Lebanon, Libya to hold conference in Beirut, says Suleiman

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President Michel Suleiman said on Tuesday that Lebanon and Libya agreed to hold a conference in Beirut on November 23 to encourage investment in Libya, a statement from the president’s press office said.

Suleiman, who attended the UN summit earlier in the day to discuss the situation in Libya, said that Tripoli has returned to its “normal position” in the Arab League and in the UN.

“We are glad to welcome the legitimate representative of Libya, Interim Leader Mustafa Abdel Jalil,” Suleiman said in his speech.

“The Libyans expect us to help them achieve their aspirations. In the short term, they expect us to continue protecting civilians, helping the Libyan National Transitional Council maintain security and facilitating the transfer of humanitarian aid. In the long run, they need help in establishing institutions and improving economy. We should not spare any effort to help the Libyan people.” Suleiman said

Libya is opening a new page in its history, and NTC has voiced its determination to establish a democratic country by launching a political project that aims to protect the Libyans’ rights and freedoms, the president said.

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2 responses to “Lebanon, Libya to hold conference in Beirut, says Suleiman”

  1. The illegitmate representative of Libya which has been appointed by NATO. Libya is opening up for imperialism and their companies to extract as much as resources as possible.

    The new chapter is very much the same except with more corruption if that is possible. President Suleiman was wrong on all accounts.

    What is interesting is that the same NATO countries that have waged war in Libya in the name of “protecting civilians” have given “an absymal response to the plight” of refugees during this conflict., Amnesty international charged in a report released Tuesday.
    The report calls urgent attention to the conditions facing some 5,000 refugees and asylum seekers who are stranded at squalid encampments on the borders with Tunisia and Egypt. Forced to flee violence in Libya—just as many of them had been forced to flee their home countries for refuge in Libya—they are no longer allowed to go anywhere else.
    In addition to killing and wounding tens of thousands of Libyans and leaving much of the country’s infrastructure in ruins, the US-NATO war launched last March has proven a catastrophe for the estimated 1.5 million to 2.5 million foreign-born workers who were living and working in Libya when the war began.
    The majority have fled the country, losing their livelihoods and facing extreme hardship. For many thousands, however, escape has proven thus far impossible
    At least 1,500 of these workers are believed to have lost their lives trying to flee Libya by boat. NATO, which has deployed a naval armada off the Libyan coastline, was charged with refusing to rescue people who drowned or died of thirst or starvation while trying to make the crossing to Europe.
    The majority of these workers came to Libya in search of work from poorer countries in Sub-Saharan Africa, including Burkina Faso, Ethiopia, Eritrea, Ghana, Mali, Niger, Nigeria, Somalia and Sudan.
    They, along with black-skinned Libyans, have been targeted by the NATO-backed “rebels” for violent assaults, imprisonment and lynchings based on the spurious charge that Colonel Muammar Gaddafi used Sub-Saharan African mercenaries to defend his regime.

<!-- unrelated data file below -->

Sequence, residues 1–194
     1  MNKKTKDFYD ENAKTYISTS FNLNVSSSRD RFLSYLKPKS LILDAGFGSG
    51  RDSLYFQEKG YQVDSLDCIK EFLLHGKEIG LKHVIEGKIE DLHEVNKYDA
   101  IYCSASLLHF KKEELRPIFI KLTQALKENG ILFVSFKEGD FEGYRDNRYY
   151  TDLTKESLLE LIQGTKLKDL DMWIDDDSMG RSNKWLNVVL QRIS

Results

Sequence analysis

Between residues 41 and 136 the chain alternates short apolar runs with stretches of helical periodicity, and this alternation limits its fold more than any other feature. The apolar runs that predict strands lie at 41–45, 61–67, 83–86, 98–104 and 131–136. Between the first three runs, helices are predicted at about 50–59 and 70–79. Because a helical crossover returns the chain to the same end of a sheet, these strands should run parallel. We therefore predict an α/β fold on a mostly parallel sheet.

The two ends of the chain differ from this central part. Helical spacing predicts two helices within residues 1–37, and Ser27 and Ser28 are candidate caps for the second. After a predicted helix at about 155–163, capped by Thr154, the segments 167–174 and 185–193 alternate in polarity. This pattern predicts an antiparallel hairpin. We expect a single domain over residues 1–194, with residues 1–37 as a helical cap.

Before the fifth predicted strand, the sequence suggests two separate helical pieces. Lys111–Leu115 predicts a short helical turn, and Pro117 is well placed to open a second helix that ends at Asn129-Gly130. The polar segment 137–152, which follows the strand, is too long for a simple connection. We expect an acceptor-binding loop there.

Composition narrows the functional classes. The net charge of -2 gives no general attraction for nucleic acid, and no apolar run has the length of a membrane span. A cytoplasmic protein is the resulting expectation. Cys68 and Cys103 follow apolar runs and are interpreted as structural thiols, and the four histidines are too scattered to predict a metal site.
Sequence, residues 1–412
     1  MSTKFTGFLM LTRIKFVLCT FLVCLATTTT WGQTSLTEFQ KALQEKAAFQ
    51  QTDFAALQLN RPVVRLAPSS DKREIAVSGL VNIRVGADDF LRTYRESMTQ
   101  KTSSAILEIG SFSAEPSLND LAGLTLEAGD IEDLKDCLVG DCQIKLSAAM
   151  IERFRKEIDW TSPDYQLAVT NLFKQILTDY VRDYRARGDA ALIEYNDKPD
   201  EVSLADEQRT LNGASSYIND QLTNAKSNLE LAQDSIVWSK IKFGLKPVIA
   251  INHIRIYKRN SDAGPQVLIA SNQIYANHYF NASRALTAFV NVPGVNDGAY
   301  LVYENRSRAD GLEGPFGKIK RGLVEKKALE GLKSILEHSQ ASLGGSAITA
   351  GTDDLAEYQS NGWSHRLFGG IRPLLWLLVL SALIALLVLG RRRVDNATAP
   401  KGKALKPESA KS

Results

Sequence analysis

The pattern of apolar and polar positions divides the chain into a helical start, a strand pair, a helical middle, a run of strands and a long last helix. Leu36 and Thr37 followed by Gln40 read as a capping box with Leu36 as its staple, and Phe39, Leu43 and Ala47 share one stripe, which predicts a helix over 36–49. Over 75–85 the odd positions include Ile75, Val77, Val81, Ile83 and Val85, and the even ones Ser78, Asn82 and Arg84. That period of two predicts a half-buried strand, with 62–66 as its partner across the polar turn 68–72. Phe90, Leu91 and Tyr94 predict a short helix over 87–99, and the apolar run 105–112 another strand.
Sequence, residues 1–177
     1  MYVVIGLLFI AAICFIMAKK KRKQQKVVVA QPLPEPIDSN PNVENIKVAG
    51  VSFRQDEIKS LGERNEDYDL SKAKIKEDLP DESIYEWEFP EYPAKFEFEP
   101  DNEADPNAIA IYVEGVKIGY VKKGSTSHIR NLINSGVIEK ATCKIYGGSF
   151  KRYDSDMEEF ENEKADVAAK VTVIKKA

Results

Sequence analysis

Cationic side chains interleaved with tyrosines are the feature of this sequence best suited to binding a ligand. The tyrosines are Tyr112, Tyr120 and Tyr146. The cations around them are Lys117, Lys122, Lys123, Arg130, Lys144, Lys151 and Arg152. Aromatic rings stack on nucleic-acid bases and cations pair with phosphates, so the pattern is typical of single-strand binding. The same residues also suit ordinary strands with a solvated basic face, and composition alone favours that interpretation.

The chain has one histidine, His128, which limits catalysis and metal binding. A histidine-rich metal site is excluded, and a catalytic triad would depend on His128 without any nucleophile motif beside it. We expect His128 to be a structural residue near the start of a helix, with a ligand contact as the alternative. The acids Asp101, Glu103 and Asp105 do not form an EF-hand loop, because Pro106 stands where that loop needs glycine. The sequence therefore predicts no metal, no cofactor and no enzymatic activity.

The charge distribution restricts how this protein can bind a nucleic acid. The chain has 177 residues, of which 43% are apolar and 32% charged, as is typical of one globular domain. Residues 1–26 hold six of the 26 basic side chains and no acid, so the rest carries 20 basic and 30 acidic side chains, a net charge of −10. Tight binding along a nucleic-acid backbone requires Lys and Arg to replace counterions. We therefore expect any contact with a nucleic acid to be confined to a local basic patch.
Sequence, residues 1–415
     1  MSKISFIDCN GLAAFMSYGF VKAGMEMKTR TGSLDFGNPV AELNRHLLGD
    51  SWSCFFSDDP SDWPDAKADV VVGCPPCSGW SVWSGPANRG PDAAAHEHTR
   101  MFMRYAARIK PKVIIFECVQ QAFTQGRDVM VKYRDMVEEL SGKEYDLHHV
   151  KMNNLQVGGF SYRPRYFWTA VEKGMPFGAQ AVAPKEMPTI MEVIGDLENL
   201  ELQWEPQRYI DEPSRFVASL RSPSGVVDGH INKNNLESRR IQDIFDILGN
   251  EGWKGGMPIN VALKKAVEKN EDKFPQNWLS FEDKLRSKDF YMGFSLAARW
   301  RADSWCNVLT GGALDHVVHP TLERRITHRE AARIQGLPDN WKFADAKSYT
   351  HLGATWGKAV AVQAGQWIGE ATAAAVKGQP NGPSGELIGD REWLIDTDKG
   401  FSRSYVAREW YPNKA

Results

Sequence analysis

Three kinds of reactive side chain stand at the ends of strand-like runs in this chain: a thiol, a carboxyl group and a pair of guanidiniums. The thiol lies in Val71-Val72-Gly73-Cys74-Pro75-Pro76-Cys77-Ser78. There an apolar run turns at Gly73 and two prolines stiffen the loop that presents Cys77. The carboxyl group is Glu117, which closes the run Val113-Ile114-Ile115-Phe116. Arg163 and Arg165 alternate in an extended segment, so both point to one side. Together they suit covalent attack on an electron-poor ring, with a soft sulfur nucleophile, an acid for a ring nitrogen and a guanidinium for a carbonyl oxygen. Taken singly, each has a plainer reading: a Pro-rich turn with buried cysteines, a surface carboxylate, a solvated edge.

2.  Avatar

    The illegitmate representative of Libya which has been appointed by NATO. Libya is opening up for imperialism and their companies to extract as much as resources as possible.

    The new chapter is very much the same except with more corruption if that is possible. President Suleiman was wrong on all accounts.

    What is interesting is that the same NATO countries that have waged war in Libya in the name of “protecting civilians” have given “an absymal response to the plight” of refugees during this conflict., Amnesty international charged in a report released Tuesday.
    The report calls urgent attention to the conditions facing some 5,000 refugees and asylum seekers who are stranded at squalid encampments on the borders with Tunisia and Egypt. Forced to flee violence in Libya—just as many of them had been forced to flee their home countries for refuge in Libya—they are no longer allowed to go anywhere else.
    In addition to killing and wounding tens of thousands of Libyans and leaving much of the country’s infrastructure in ruins, the US-NATO war launched last March has proven a catastrophe for the estimated 1.5 million to 2.5 million foreign-born workers who were living and working in Libya when the war began.
    The majority have fled the country, losing their livelihoods and facing extreme hardship. For many thousands, however, escape has proven thus far impossible
    At least 1,500 of these workers are believed to have lost their lives trying to flee Libya by boat. NATO, which has deployed a naval armada off the Libyan coastline, was charged with refusing to rescue people who drowned or died of thirst or starvation while trying to make the crossing to Europe.
    The majority of these workers came to Libya in search of work from poorer countries in Sub-Saharan Africa, including Burkina Faso, Ethiopia, Eritrea, Ghana, Mali, Niger, Nigeria, Somalia and Sudan.
    They, along with black-skinned Libyans, have been targeted by the NATO-backed “rebels” for violent assaults, imprisonment and lynchings based on the spurious charge that Colonel Muammar Gaddafi used Sub-Saharan African mercenaries to defend his regime.

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